Following a series of descriptive reports, we run analyses with a conventional set of controls including GDP/capita, population size, ethnic fractionalization, proportional representation, and different world regions.
Overall, our findings do not support the proposition that parliamentarism performs better than all other regime types in terms of democracy and government performance (expectation 1). Rather we observed a pattern where premier-presidentialism performs almost as good – and on some measures even better – as parliamentary regimes. Neither the measures of democracy nor the measures of government performance show significantly better records for parliamentary regimes than for premier-presidential ones. This indicates that a parliamentary constitution with an indirectly elected president does not necessarily go along with better political performance than a premier-presidential one with a popularly elected but weak or medium weak president. Thus, to the extent that we think about semi-presidentialism in terms of premier-presidential regimes, we have reasons to question strong propositions about the “perils of semi-presidentialism”.
However, the picture certainly looks different with regard to president-parliamentary regimes. While premier-presidential regimes are closer to parliamentary regimes, president-parliamentary regimes display performance records more similar to pure presidentialism, and it performs even worse on most indicators (expectations 2 and 3). When it comes to the level of democracy, the only regime type to perform significantly worse than the parliamentary one – on four separate measures and with conventional controls – is the president-parliamentary regime type.
Regime types and democratic performance (OLS coefficients with 95% confidence intervals)
The differences in terms of government performance are less pronounced. Although there is a tendency of slightly poorer performance by presidential-parliamentary regimes also in terms of government performance, and significantly so on one indicator, our results demonstrate that the type of constitutional system seems to affect democracy more strongly than government performance.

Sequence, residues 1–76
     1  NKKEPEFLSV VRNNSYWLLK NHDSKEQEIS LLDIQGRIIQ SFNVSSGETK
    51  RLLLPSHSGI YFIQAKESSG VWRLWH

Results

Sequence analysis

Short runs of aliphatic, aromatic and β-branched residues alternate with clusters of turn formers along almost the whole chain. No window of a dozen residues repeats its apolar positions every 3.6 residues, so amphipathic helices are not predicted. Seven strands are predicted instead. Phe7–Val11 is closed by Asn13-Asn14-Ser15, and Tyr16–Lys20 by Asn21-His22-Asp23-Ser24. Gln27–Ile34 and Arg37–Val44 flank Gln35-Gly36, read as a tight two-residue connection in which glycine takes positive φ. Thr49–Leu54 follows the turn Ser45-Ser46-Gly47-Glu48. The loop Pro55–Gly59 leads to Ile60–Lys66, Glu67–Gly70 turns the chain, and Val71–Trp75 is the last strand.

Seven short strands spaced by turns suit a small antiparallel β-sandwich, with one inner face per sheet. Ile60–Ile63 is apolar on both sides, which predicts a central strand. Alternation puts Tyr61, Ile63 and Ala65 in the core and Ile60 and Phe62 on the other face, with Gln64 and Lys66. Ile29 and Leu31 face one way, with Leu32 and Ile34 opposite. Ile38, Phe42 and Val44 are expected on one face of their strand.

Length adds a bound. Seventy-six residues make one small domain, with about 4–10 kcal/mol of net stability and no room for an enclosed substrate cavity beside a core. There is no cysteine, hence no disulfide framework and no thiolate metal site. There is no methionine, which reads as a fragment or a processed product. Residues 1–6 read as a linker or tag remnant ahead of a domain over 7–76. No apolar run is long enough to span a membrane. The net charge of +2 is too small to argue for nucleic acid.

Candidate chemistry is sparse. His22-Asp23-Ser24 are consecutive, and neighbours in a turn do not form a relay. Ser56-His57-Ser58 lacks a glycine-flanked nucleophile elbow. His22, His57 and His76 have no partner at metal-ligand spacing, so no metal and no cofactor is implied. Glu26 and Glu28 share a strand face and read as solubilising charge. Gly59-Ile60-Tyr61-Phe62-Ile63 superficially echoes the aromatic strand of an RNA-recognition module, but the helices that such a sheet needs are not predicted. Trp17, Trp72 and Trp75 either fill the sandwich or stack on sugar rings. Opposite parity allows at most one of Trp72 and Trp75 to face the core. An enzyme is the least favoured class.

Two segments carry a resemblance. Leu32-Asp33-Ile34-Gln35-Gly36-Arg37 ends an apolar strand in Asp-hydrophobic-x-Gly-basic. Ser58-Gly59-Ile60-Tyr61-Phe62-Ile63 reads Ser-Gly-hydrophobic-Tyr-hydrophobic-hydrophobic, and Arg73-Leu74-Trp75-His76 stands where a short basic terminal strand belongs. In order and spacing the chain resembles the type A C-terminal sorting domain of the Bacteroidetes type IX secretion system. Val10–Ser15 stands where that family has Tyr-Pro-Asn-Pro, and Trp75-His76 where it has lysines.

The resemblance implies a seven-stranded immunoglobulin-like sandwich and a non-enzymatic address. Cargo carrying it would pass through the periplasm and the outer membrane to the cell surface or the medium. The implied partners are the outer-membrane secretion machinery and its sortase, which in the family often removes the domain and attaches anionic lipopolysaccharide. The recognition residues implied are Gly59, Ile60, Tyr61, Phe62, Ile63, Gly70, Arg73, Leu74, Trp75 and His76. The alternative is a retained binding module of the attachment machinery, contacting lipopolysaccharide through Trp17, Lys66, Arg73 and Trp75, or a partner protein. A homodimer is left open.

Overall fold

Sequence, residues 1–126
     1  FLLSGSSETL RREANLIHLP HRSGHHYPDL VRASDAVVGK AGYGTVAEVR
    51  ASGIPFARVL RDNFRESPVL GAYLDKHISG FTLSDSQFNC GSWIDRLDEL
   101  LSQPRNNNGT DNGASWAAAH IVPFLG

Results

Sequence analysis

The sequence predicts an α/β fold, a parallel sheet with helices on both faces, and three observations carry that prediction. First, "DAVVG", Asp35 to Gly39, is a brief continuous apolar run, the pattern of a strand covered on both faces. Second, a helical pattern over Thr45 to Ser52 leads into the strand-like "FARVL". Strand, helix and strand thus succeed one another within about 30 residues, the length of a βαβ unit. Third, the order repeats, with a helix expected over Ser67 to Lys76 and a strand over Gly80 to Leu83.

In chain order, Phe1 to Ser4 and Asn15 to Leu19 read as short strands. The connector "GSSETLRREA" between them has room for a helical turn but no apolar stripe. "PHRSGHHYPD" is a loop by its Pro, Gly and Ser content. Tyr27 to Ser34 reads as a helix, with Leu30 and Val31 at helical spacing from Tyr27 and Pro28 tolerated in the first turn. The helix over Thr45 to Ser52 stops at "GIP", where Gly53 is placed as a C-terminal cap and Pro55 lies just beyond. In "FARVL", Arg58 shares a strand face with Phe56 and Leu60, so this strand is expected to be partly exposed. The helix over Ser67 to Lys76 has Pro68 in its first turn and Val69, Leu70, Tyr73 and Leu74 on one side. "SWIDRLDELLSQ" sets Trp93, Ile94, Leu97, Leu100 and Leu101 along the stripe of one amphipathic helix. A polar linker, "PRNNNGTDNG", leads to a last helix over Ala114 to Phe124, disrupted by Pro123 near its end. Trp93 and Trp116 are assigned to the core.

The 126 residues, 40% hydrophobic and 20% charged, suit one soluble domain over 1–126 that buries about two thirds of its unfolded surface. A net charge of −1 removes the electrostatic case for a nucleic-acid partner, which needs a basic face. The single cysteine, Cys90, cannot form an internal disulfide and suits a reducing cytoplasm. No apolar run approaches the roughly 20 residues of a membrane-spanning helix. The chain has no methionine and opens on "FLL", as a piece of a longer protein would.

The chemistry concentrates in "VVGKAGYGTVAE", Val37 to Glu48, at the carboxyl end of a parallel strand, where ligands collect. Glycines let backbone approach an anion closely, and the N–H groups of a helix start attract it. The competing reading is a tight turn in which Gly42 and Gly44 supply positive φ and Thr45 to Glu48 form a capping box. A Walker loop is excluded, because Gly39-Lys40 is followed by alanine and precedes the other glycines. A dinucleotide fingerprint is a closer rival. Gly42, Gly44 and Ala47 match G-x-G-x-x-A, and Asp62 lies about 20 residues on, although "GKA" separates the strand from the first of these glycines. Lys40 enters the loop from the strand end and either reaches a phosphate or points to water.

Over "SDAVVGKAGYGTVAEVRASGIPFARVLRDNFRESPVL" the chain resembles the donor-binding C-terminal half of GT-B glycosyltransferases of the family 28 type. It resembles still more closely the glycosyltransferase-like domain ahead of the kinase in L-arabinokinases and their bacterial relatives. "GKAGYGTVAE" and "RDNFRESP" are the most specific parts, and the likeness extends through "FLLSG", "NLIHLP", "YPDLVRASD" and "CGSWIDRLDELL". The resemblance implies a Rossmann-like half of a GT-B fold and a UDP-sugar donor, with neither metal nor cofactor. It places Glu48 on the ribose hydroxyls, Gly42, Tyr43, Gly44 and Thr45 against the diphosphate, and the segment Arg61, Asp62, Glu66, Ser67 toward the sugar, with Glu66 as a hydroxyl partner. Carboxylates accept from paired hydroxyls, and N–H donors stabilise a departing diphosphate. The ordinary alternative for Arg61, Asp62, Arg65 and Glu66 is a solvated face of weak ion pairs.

Regime types and government performance (OLS coefficients with 95% confidence intervals)
Shugart and Carey’s general recommendation to stay away from the president-parliamentary form of government certainly finds support in our data. In our study, we mostly refrain from making claims about causal mechanisms behind the observed pattern. However, we allow some general comments on the importance of presidential powers in relation to the four regime types. We show how variation in presidential powers follow closely the four regime types – weakest among the parliamentary regimes and strongest among the president-parliamentary regimes. We know that case studies on e.g. post-Soviet countries where the system has shifted from president-parliamentary to premier-presidential constitutions provide additional support to the negative impact of president-parliamentarism on democracy. For instance, Elgie and Moestrup show that reduced presidential powers and a shift to a more balanced semi-presidential system have been associated with better democracy records in e.g. Armenia, Georgia, and Kyrgyzstan. A general trend among the post-Soviet countries is that the presidents have used their control over the administration to curb the opposition and thereby directing the trajectory of constitutional developments in their own favor. The outcome has been increased power of already powerful presidents – a straight road to the consolidation of autocracy.
While we recognize some drawbacks of our study and encourage future research to continue researching this issue, we reveal a general pattern with regard to the four regime types on performance. Based on our findings, we claim that democratic performance is likely to be better with a parliamentary or premier-presidential form of government. If the most positive accounts about semi-presidentialism are relevant, such as executive flexibility, power-sharing, and a uniting president, those are most likely to be identified under the premier-presidential form of government. Our data give no support for general recommendations to avoid dual executives or popularly elected president with limited powers.
Finally, and well in line with more recent scholarship, we argue that discussions about the pros and cons of semi-presidentialism should include the distinction between its sub-categories as well as considering dimensions of presidential power.
Kilde: Sedelius, Thomas and Jonas Linde (Forthcoming), «Unravelling semi-presidentialism: democracy and government performance in four distinct regime types«, in Democratization. The full text article is free to download here.